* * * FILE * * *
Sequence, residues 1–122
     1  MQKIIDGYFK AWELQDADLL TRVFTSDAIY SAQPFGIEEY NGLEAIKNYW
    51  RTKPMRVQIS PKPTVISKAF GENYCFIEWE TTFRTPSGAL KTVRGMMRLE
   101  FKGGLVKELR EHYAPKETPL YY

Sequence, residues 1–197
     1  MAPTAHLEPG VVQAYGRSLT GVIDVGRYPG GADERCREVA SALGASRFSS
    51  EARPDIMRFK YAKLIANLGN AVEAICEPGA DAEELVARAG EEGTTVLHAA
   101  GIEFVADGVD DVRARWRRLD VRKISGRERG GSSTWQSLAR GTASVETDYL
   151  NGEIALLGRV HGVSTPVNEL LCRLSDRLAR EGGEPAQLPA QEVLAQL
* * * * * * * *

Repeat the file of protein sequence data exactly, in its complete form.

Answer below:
Sequence, residues 1–122
     1  MQKIIDGYFK AWELQDADLL TRVFTSDAIY SAQPFGIEEY NGLEAIKNYW
    51  RTKPMRVQIS PKPTVISKAF GENYCFIEWE TTFRTPSGAL KTVRGMMRLE
   101  FKGGLVKELR EHYAPKETPL YY

Sequence, residues 1–197
     1  MAPTAHLEPG VVQAYGRSLT GVIDVGRYPG GADERCREVA SALGASRFSS
    51  EARPDIMRFK YAKLIANLGN AVEAICEPGA DAEELVARAG EEGTTVLHAA
   101  GIEFVADGVD DVRARWRRLD VRKISGRERG GSSTWQSLAR GTASVETDYL
   151  NGEIALLGRV HGVSTPVNEL LCRLSDRLAR EGGEPAQLPA QEVLAQL